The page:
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Camaraderie and adventure at second annual Canadian Deaf-Blind Camp

June 11, 2019 1:34 pm by Adrian McMorris Dynamic Featured Image

Over the May long weekend, Camp Manitou once again created a unique and fun-filled experience in hosting the Resource Centre for Manitobans who are Deaf-Blind (RCMDB).

After a successful first-ever Canadian Deaf-Blind Camp in 2018, an even larger group of campers with a spectrum of both hearing and vision impairments joined for this year’s event and according to Bonnie Heath, Executive Director of Equality Communications Centre of Excellence (ECCOE), they want to come back for a long time and continue to grow the camp.

“Last year we had about 27 adult campers come here and this year it’s up to 44 so we know there’s a demand for it,” says Heath, who also oversees the RCMDB. While most of the campers came from Winnipeg, some campers came from Ontario and two from the United States much to Heath’s surprise.

The RCMDB has been operating in Manitoba since 1996 and Heath says unfortunately there are many provinces who don’t operate any resource centres for deafblind people.

“The partnership with Camp Manitou and the central location of Winnipeg, coupled with the fact that we already have 23 years of experience working with deafblind people gives us the insight and skill to host the camp.”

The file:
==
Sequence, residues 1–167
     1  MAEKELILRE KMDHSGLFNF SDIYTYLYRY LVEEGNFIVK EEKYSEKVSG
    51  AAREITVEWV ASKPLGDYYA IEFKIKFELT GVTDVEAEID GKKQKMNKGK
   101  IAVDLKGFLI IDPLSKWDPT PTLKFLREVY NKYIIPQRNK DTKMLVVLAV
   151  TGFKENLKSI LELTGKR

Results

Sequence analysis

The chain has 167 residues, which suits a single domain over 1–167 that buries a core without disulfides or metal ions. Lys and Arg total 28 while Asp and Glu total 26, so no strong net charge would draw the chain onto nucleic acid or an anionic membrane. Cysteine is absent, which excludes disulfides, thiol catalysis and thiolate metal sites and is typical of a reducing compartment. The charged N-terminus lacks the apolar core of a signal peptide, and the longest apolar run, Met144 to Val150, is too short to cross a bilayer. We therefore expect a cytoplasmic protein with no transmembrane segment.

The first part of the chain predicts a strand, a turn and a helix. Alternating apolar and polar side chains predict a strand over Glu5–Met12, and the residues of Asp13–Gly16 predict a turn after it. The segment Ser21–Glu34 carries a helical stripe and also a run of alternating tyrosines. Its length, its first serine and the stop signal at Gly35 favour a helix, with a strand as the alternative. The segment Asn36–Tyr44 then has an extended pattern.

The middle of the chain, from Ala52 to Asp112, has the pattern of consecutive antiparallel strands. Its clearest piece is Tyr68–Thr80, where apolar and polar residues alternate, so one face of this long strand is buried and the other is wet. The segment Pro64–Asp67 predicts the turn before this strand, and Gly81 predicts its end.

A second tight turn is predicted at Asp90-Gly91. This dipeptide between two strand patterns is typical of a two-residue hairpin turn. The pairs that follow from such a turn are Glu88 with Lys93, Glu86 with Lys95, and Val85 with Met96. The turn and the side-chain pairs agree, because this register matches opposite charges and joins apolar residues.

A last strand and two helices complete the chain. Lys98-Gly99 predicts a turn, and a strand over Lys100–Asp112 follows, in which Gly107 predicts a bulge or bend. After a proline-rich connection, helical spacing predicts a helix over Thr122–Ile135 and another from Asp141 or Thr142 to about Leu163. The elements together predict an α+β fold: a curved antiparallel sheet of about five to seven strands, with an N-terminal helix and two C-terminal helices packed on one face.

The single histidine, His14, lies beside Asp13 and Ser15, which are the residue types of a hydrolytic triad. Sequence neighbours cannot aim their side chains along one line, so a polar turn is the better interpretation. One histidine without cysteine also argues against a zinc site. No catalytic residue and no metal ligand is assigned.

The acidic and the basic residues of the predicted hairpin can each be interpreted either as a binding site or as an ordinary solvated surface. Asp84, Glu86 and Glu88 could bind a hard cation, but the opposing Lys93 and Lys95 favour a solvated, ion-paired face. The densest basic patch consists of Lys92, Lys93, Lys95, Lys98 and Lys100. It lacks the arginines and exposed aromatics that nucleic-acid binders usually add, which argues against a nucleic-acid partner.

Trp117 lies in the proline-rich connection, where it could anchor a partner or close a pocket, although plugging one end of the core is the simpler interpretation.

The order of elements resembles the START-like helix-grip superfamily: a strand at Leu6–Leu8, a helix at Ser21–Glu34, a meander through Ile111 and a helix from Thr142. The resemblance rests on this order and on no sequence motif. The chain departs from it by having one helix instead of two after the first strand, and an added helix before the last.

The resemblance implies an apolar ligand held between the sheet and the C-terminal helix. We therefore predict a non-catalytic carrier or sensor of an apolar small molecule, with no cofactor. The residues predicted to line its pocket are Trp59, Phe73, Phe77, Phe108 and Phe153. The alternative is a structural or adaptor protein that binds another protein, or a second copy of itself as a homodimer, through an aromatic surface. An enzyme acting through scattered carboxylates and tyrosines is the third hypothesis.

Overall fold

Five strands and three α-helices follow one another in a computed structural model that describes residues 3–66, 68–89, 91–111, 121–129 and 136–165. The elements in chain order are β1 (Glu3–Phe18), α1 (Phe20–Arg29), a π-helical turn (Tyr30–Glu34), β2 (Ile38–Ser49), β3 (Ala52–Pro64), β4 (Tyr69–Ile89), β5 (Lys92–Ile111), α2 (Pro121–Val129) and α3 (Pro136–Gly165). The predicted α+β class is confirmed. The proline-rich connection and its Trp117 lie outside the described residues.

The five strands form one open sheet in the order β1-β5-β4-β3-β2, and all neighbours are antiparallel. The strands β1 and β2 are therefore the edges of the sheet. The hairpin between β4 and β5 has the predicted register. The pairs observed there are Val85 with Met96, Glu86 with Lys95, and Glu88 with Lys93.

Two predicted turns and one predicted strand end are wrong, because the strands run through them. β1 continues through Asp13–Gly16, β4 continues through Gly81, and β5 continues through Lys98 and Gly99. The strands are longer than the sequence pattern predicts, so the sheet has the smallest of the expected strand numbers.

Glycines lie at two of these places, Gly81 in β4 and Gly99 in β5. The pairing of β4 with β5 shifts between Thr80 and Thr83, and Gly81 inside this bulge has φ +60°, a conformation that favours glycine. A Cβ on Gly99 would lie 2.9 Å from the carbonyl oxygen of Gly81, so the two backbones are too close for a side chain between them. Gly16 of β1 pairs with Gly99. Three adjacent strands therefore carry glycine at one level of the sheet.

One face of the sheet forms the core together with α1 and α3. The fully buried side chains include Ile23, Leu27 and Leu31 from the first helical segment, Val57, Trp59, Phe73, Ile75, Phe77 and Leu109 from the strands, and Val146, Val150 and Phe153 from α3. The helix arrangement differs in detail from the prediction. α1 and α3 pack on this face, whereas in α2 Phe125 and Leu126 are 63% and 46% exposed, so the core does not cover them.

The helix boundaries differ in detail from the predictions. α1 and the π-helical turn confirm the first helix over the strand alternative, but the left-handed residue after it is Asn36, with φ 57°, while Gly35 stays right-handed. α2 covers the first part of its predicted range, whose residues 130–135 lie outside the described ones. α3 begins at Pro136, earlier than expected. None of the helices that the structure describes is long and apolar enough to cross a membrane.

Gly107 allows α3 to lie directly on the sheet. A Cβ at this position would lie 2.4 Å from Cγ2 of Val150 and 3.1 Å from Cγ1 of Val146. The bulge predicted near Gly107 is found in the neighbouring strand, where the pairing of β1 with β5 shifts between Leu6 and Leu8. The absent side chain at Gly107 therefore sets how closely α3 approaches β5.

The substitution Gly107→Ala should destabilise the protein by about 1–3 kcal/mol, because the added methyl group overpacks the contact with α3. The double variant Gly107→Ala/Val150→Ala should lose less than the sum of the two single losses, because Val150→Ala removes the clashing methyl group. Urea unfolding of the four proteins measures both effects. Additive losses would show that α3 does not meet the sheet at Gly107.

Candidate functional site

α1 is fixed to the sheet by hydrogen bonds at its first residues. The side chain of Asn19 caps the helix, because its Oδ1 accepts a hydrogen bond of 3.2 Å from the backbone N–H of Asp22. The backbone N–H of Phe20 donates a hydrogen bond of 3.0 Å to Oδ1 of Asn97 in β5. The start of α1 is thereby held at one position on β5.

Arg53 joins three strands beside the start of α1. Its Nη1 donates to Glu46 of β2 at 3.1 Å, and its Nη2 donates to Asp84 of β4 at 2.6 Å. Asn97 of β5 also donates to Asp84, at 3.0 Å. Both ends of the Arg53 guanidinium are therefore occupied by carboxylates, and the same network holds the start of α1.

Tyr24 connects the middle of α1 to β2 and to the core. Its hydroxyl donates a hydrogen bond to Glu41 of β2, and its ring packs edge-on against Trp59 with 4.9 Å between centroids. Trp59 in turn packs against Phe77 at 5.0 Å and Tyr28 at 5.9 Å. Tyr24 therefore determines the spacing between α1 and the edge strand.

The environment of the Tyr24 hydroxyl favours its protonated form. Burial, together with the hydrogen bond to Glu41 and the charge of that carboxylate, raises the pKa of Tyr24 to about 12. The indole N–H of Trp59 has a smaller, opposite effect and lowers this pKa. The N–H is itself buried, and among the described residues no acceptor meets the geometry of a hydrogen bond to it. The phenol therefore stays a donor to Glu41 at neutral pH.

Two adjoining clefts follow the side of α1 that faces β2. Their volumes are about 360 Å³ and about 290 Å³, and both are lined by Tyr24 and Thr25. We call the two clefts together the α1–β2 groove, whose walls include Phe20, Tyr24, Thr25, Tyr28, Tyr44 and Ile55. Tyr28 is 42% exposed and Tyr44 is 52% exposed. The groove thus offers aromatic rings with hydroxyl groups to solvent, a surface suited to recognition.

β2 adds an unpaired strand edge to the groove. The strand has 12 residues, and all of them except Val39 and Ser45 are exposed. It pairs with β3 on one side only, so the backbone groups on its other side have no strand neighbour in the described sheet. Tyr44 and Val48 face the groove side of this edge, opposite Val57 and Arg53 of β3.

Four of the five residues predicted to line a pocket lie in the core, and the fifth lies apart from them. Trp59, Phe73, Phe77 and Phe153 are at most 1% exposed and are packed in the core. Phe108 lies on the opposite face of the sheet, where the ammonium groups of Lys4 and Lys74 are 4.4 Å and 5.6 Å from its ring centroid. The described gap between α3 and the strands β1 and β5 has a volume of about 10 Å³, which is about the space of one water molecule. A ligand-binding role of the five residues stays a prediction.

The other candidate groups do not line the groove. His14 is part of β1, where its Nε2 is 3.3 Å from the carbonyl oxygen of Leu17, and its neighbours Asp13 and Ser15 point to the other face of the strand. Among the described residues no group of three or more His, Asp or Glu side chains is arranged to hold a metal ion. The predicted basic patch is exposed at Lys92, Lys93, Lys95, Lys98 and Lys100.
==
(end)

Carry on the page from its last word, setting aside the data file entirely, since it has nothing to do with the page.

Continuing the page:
The staff at Camp Manitou arranged day trips, which included dragon boat racing and time at the Assiniboine Park Zoo focusing on every detail to ensure the safety and enjoyment of campers.

Mackenzie Scharf, Manager at Camp Manitou, commended her staff for putting in a lot of extra work to ensure everyone had an enjoyable and safe experience.

Camp staff took part in an hour-long training session led by RCMDB representatives to learn communication strategies and ways they can assist campers with daily tasks. Along walkways, bright orange pylons were connected by a rope to make travel easier for the campers as they walked to the washroom, the showers and between cabins. Staff used physical touch, such as a hand on the camper’s forearm to help with archery, to assist with explanation and execution of each activity.

“Last year we saw how much the campers enjoyed the experience. They were smiling, laughing and trying new things that some people might think they never would. Seeing them get into a harness and take on the climbing wall as their friends cheer them on is just incredible,” says Scharf.

The group stayed at camp for five days and luckily for campers, the weather cooperated, allowing them to get outside and take full advantage of the many activities.

Katharine Garrett, who is hard of hearing, was looking forward to being challenged and thrilled and Camp Manitou did not disappoint.

“I was excited to come to camp because I knew there are adventures here. I’m an adventurous person and I wanted to try different things,” she says.

Garrett, like most participants, had never tried archery or ziplining but once she tried it, she was hooked.

“Everyone here loves to try new things and new experiences. I got to try rock climbing and I really enjoyed the challenge.”

Whether it was the adventures and activities or the bonds that were made, the Deaf-Blind Camp is about celebrating commonalities and providing an opportunity for socialization among a group that individually can be prone to feeling isolated.

Heath says they have already reserved a five-day spot “for the next 20 years every September,” with the goal of maxing out camp’s capacity.

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